Having a "morning ritual" sounds great, but also unachievable, like drinking fresh-pressed celery juice every morning or meditating without your phone. Most of us have trouble waking up at the same time each morning, so carving out time to connect with thoughts and feelings before you start the day is not necessarily on the agenda.
But even if you don't consider yourself spiritual, there are small things you can do to attain a mindful state in the morning, explains Jhenah Telyndru, priestess and author of The Mythic Moons of Avalon. "Starting the day with as clear of an energetic slate as possible is critical," she adds. Rituals allow you to let go of outmoded perspectives, put down emotional energy saps, and meet people from a place of openness and empathy, she says. In other words, they are worth your time.
Everyone has their own idea of what a ritual entails. For some, it could be a matter of putting makeup on in the morning, while others might prefer exercising. If you're looking for a low-key activity that will energize you spiritually, ahead are some ideas from Telyndru and Sinikiwe Dhliwayo, yoga instructor and founder of Naaya Wellness.
One way you can bring yourself to a place of mindfulness when you're already rushing through your morning routine is by "harnessing the cleansing powers of water" in the shower, Telyndru says. "Every day, before I get into the shower, I stand for a few moments and take an inner inventory of my personal energy: how I am feeling physically, mentally, and emotionally," she says. Once you step in the shower, face away from the water and visualize negative energy washing over you and flowing down the drain, she suggests. When you're finished, you can use essential oils to "reinforce the energy work you've done," she says.
Choose a peaceful alarm.
Adopt a practice of gentle awakening, instead of waking up to a loud and intrusive alarm or news podcast, which can "drain our daily energetic resources," Telyndru says. "A more peaceful transition into wakefulness helps us be better equipped to face our day, and establishes a positive energetic connection with the world around us," she says. Try to wake up without an alarm clock, or find an app that lets you rise to a gradual sound, she suggests.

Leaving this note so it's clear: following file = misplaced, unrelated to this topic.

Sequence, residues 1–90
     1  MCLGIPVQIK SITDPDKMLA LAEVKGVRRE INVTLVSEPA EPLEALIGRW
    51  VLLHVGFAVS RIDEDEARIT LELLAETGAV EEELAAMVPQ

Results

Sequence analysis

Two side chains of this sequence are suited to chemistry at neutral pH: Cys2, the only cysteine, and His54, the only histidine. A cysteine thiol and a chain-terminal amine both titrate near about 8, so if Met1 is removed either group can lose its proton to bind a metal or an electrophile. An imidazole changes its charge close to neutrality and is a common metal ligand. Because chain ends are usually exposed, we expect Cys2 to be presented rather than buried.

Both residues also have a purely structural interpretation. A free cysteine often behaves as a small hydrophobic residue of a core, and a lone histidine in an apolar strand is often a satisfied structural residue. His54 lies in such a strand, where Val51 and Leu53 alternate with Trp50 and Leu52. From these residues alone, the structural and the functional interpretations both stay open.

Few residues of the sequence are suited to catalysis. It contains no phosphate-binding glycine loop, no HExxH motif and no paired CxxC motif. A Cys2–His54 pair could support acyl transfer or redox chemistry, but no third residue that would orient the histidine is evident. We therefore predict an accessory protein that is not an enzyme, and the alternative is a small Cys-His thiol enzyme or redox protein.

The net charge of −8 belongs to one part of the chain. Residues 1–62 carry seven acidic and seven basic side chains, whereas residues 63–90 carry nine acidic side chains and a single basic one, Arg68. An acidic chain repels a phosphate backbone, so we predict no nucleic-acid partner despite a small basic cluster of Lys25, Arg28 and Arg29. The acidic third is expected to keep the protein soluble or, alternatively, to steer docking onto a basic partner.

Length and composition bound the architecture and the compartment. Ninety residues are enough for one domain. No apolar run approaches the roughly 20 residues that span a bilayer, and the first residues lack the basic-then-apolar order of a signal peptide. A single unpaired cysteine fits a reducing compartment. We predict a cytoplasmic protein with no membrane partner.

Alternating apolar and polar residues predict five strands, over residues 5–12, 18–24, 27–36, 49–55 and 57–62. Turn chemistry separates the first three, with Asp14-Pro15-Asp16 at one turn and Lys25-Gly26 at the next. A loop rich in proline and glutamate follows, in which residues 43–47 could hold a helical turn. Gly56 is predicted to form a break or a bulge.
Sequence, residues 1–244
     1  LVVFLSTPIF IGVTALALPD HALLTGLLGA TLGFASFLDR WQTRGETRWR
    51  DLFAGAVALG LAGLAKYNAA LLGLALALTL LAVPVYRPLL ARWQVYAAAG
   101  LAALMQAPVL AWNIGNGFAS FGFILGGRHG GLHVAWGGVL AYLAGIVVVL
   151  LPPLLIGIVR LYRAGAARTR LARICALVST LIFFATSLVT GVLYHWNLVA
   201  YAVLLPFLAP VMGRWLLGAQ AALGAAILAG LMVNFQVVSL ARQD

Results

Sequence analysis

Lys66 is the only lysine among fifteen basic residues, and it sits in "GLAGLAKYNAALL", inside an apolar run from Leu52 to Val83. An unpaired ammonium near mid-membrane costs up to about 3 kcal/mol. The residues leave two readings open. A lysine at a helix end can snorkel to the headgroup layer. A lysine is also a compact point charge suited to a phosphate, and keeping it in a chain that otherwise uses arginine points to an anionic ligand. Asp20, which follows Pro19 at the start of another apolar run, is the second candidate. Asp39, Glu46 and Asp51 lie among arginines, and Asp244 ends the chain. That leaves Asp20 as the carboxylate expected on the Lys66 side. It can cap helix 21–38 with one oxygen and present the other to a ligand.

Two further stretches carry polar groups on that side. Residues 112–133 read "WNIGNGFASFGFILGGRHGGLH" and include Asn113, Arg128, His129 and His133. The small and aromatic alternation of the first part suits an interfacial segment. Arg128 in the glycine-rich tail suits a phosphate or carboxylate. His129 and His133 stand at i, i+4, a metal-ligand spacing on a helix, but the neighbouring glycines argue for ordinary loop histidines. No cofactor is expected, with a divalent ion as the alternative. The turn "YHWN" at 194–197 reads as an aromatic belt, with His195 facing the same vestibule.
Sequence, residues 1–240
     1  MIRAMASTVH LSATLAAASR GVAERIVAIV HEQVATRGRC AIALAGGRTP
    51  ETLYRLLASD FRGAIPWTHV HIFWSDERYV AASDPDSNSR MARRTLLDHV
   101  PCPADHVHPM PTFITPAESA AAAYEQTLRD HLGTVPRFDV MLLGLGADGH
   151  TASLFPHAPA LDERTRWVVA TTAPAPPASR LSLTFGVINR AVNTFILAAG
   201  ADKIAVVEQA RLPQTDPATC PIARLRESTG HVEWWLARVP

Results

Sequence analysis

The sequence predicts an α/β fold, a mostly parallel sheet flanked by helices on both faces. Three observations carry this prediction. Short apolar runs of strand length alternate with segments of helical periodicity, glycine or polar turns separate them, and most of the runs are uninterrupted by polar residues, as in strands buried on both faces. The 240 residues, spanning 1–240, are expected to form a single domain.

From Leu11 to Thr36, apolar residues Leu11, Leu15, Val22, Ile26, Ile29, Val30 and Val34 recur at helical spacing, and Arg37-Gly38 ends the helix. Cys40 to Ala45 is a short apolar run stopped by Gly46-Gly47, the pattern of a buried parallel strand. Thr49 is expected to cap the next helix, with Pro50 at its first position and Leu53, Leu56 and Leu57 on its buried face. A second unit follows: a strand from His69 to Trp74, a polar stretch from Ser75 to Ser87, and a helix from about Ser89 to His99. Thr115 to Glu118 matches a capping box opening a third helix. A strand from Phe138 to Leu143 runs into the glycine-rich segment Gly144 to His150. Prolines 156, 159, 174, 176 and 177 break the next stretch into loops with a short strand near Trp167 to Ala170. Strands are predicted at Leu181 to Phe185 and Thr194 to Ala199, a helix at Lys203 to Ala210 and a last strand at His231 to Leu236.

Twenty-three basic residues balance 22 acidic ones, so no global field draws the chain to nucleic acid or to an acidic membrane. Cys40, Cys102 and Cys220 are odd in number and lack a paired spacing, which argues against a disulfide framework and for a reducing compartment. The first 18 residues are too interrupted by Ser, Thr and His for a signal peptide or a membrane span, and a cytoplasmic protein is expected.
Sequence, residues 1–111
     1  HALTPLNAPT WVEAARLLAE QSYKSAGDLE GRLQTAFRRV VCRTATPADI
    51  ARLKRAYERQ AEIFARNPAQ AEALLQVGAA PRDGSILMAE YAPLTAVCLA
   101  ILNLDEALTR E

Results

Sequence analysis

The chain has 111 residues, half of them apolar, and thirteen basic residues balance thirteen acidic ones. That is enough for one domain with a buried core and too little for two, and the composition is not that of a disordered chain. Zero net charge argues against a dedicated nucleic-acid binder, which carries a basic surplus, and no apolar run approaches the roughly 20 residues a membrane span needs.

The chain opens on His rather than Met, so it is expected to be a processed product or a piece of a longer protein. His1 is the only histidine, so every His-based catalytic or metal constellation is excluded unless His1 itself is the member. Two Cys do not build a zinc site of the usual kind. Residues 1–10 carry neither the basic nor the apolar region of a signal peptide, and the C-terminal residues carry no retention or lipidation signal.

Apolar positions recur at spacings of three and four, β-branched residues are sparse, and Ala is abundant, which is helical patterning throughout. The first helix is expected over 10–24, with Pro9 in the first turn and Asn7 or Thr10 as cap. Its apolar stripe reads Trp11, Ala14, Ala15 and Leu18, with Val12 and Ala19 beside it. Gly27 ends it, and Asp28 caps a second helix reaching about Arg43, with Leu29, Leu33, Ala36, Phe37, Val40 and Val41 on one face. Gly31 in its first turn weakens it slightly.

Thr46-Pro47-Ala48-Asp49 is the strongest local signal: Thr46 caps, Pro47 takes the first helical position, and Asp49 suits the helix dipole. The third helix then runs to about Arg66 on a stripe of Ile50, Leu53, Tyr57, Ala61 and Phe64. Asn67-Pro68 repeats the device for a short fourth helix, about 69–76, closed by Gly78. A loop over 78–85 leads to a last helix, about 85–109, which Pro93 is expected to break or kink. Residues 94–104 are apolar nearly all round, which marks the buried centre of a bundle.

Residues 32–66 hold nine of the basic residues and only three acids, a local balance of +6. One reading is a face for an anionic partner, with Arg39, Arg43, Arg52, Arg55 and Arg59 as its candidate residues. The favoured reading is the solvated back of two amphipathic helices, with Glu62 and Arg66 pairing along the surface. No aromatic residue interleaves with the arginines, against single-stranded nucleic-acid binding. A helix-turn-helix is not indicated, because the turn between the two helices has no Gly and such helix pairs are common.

Eat breakfast mindfully.
Telyndru believes that when we approach a meal with a certain energy, it allows us to reinforce that intention with each conscious bite of food we take in. While you might not have time to sit down and have a full meditative meal, you can use breakfast time to check in with what you want to accomplish during the day, instead of scrolling email or Instagram. For example, Telyndru likes to "charge my morning coffee with my intentions" by holding the vision of what I seek to accomplish strongly in her mind stirring the drink 99 times counter-clockwise.
Many of us are probably reluctant to attempt meditating first thing in the morning, but Dhliwayo says she tries to right after checking her phone. "I sit for thirty minutes before I get ready," she says. "It has been immensely helpful in helping me set the tone for my day." While Dhliwayo's mindfulness practice is not guided, there are plenty of meditation apps that you can use if you're just starting out.
Pull two tarot cards.
If you're into tarot cards, consider drawing two each morning: one to represent the day's challenges or lessons, and the other to tell you what gifts or tools you'll need to meet them, Telyndru says. Leave them out in your bedroom, and before you go to bed, reflect on the cards and whether or not those experiences served you, she says. This will help you discover patterns at play in your life, and allow you to "build relationships with the oracular system of [your] choice," she says.
Write down your dreams.
Whether you dreamt you hooked up with a friend or met AOC, your dreams are often connected to your intuition, Telyndru says. It's easiest to remember your dreams first thing in the morning, so record the symbols, messages, or insights in a journal or app on your phone, she suggests. "We can actively harness the power of dreams by going to sleep with a question or situation in our minds, along with a request for guidance from the universe to come to us in our dreams that night," she says.
Move a little.
If you can commit to waking up on the early side, consider a mind-body exercise routine, such as yoga or tai chi, Telyndru says. "These are gentle ways of engaging body, mind, and spirit," she says. Not only will it help you feel "rooted in your physical form," but it'll encourage you to move through the world and your body in a more mindful way, she says.